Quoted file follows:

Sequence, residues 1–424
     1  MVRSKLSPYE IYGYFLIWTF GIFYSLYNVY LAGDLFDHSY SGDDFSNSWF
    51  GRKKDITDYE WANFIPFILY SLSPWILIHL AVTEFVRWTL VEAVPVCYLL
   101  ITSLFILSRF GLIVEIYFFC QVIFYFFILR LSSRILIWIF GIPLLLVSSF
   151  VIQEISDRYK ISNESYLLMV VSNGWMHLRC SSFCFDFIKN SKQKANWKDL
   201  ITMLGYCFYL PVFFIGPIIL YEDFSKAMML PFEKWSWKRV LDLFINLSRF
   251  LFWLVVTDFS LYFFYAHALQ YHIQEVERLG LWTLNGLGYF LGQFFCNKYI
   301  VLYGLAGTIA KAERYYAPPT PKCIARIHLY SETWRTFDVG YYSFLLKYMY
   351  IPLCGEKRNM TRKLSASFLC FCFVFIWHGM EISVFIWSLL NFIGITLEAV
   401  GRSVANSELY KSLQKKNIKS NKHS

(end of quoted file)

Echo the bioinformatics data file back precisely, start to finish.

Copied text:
Sequence, residues 1–424
     1  MVRSKLSPYE IYGYFLIWTF GIFYSLYNVY LAGDLFDHSY SGDDFSNSWF
    51  GRKKDITDYE WANFIPFILY SLSPWILIHL AVTEFVRWTL VEAVPVCYLL
   101  ITSLFILSRF GLIVEIYFFC QVIFYFFILR LSSRILIWIF GIPLLLVSSF
   151  VIQEISDRYK ISNESYLLMV VSNGWMHLRC SSFCFDFIKN SKQKANWKDL
   201  ITMLGYCFYL PVFFIGPIIL YEDFSKAMML PFEKWSWKRV LDLFINLSRF
   251  LFWLVVTDFS LYFFYAHALQ YHIQEVERLG LWTLNGLGYF LGQFFCNKYI
   301  VLYGLAGTIA KAERYYAPPT PKCIARIHLY SETWRTFDVG YYSFLLKYMY
   351  IPLCGEKRNM TRKLSASFLC FCFVFIWHGM EISVFIWSLL NFIGITLEAV
   401  GRSVANSELY KSLQKKNIKS NKHS